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THE SITUATION ROOM
Promising New Lead in the Hunt for Flight 370; U.S. Navy 'Cautiously Optimistic' About Search; Searchers Race to Verify Pings Heard by Locator; New Details on Airline's Flight Path; U.S. Watching Russia with Great Concern
Aired April 7, 2014 - 17:00 ET
THIS IS A RUSH TRANSCRIPT. THIS COPY MAY NOT BE IN ITS FINAL FORM AND MAY BE UPDATED.
WOLF BLITZER, CNN HOST: Jake, thanks very much.
Happening now, breaking news -- the mystery of Flight 370. An urgent race to verify not one, but two pings detected by a U.S. underwater listening device. Officials say the signals are consistent with an airliner's black boxes.
Search officials call this the best lead yet and the U.S. Navy is voicing what they call "cautious optimism."
I'll speak live at this hour with a U.S. Navy commander aboard a ship in the region. We'll take a closer look at the next steps in the high tech underwater search.
And a deepening mystery over the plane's flight path right now.
Why did the plane veer north of Indonesia before turning south over the Indian Ocean?
Was it an effort to avoid radar detection?
I'm Wolf Blitzer.
You're in THE SITUATION ROOM.
Search officials call it the most promising lead in the hunt for Flight 370.
Here are the latest developments we're following.
Searchers are scrambling right now to confirm two pings detected by a U.S. locator device. They say the signals from an area nearly three miles deep sounded just like an airliner's recorder beacons. If those pings can be verified, officials say a sonar equipped underwater drone will be deployed to map the ocean floor.
Meantime, aircraft, they are now getting ready to resume a search for debris to try to pinpoint the location.
And there's fresh mystery right now about the airliner's flight path. A senior Malaysian source says that according to radar data, the plane curved north of Indonesia before turning south over the Indian Ocean, perhaps to avoid detection.
Our analysts and our reporters, they're standing by here in Washington, as well as around the world, with the kind of special coverage that only CNN can deliver.
Let's begin with our senior international correspondent, Matthew Chance.
He's joining us from Perth, Australia.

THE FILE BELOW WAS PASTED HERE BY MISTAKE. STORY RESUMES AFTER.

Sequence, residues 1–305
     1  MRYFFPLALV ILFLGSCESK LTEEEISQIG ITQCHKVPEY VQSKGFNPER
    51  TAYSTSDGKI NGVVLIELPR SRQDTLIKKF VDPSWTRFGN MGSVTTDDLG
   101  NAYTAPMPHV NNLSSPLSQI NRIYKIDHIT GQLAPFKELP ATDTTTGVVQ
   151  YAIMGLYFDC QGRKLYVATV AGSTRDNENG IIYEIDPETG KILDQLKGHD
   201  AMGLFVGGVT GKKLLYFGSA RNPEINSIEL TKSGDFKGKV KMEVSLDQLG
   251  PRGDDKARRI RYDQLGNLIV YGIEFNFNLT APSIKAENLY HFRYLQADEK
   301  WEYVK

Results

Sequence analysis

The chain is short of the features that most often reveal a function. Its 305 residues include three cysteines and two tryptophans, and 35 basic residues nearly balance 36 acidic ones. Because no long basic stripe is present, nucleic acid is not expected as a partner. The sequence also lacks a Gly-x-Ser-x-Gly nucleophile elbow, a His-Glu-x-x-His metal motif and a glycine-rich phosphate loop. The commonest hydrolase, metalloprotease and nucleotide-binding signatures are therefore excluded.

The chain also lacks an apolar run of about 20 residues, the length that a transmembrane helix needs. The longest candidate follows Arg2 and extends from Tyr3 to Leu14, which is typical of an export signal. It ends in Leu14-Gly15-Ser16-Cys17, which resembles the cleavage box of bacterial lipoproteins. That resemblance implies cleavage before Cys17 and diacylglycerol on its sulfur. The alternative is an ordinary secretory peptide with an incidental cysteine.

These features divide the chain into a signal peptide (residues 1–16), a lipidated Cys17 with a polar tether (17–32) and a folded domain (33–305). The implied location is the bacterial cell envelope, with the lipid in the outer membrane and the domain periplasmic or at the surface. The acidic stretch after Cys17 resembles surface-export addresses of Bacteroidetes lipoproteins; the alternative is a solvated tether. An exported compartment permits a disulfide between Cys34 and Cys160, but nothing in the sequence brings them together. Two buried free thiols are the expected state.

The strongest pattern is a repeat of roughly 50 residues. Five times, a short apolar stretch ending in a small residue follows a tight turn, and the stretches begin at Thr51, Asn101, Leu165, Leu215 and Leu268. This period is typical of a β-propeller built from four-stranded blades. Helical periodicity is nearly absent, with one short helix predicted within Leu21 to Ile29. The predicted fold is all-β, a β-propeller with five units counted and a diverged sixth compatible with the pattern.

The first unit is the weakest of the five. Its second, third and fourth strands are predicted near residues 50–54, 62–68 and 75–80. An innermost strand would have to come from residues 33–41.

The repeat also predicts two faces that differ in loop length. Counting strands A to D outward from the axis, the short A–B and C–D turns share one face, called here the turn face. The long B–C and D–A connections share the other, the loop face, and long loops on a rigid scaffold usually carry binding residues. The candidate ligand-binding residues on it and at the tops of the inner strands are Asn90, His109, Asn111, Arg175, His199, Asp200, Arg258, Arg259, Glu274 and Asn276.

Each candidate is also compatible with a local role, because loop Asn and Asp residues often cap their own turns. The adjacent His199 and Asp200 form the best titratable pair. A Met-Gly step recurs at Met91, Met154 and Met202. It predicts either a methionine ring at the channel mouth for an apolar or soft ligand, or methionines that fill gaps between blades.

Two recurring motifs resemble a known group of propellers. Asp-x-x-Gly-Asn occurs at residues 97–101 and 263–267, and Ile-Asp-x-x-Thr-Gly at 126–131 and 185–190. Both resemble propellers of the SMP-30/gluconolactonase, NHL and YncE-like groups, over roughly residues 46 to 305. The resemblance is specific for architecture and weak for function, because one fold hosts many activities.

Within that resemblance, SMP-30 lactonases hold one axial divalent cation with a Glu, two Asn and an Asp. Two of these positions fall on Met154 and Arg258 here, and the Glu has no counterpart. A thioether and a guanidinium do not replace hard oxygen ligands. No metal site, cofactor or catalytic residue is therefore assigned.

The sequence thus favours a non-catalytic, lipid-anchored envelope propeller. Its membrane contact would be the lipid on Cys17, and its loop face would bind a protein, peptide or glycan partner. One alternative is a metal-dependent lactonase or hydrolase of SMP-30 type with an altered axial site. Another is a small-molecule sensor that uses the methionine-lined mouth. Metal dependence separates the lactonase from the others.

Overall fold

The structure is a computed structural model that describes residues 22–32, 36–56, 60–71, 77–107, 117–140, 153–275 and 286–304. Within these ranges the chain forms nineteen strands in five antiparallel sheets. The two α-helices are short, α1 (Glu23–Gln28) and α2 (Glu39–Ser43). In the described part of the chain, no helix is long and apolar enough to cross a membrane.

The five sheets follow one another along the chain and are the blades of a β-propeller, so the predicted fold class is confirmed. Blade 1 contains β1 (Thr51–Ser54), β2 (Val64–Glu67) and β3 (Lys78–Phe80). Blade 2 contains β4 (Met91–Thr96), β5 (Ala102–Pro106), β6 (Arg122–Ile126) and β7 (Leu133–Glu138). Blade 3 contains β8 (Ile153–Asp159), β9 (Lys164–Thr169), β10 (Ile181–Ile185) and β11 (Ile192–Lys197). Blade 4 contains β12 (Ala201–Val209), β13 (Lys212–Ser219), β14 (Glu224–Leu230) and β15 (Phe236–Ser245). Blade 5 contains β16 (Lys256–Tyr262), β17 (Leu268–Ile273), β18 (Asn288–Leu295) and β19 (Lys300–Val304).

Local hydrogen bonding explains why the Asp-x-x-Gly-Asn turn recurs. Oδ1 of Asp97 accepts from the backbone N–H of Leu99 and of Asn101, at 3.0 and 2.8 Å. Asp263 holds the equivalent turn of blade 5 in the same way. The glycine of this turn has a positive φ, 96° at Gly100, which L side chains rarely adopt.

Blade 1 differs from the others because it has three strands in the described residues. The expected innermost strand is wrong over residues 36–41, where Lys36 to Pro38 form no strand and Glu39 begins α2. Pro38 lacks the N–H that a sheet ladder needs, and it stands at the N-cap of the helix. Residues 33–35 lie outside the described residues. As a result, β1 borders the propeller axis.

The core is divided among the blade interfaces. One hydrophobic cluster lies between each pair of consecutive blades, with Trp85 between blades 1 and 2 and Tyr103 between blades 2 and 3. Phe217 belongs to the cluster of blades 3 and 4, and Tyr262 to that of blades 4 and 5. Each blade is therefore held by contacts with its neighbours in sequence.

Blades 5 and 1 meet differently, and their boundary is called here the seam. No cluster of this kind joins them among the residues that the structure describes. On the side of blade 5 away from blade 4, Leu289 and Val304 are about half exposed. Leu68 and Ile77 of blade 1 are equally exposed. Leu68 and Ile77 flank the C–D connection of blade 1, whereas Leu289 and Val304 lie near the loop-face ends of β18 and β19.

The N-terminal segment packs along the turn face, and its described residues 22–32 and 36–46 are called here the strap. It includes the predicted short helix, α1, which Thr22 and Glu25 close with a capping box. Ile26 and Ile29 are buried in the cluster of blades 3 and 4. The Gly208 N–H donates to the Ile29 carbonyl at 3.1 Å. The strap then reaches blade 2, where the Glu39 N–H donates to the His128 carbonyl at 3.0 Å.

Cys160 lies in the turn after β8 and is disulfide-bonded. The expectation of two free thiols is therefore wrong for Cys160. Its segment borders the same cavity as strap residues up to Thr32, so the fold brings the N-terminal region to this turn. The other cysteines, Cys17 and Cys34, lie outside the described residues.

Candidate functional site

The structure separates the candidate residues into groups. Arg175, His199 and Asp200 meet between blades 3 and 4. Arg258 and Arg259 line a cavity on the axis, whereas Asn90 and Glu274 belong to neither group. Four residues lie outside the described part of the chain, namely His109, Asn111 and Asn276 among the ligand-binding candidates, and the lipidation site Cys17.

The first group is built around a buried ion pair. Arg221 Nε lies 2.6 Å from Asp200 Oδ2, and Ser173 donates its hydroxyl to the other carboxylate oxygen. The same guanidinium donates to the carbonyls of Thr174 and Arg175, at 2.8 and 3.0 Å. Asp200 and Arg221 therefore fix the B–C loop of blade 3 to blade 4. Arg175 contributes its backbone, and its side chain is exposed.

What's the latest -- Matthew?
MATTHEW CHANCE, CNN CORRESPONDENT: Wolf, thanks.
Intensive efforts now to try and confirm those dramatic findings from over the weekend. There are observation flights that are expected to start taking off here from the Australian city of Perth within the next few hours.
Also, a number of ships have made their way to one location in the Indian Ocean where the Chinese found those pings over the weekend.
But the focus is very much on that Australian vessel, the Ocean Shield, which, using sophisticated equipment on loan from the U.S. Navy, has made what it appears to be a significant breakthrough.
CHANCE (voice-over): After weeks scouring the Indian Ocean, this is the best lead yet in the desperate search for Malaysian Flight 370.
HISHAMMUDDIN HUSSEIN, ACTING MALAYSIAN TRANSPORTATION MINISTER: The (INAUDIBLE) pinger locator a part from HMAS Ocean Shield has detected signals consistent with those emitted by aircraft black boxes.
CHANCE: This is a remote area nearly 1,000 miles off the western coast of Australia, where officials say two sets of electronic pings were detected nearly 15,000 feet, more than 4,000 meters, down. Their position needs to be accurately confirmed before this robotic submarine can be deployed to get a visual.
ANGUS HOUSTON, JOINT AGENCY COORDINATION CENTRE: Essentially, this has been done without finding any wreckage thus far. And I think it's quite extraordinary. And what I'd like to see now is us find some wreckage, because that will -- that will basically help solve the mystery.
CHANCE: Recent days have seen the search for the missing plane intensify. Over the weekend, a Chinese ship, the Hishen 01 (ph), said it briefly detected electronic pulses in a different search area. Chinese television showed images of the crew using a basic sonar device on a small rubber boat to pick up sounds.
And Australian officials say the latest sounding, measured by the high tech Ocean Shield, are unrelated and offer the best hope so far of tracking down Malaysia's lost plane. (END VIDEO TAPE)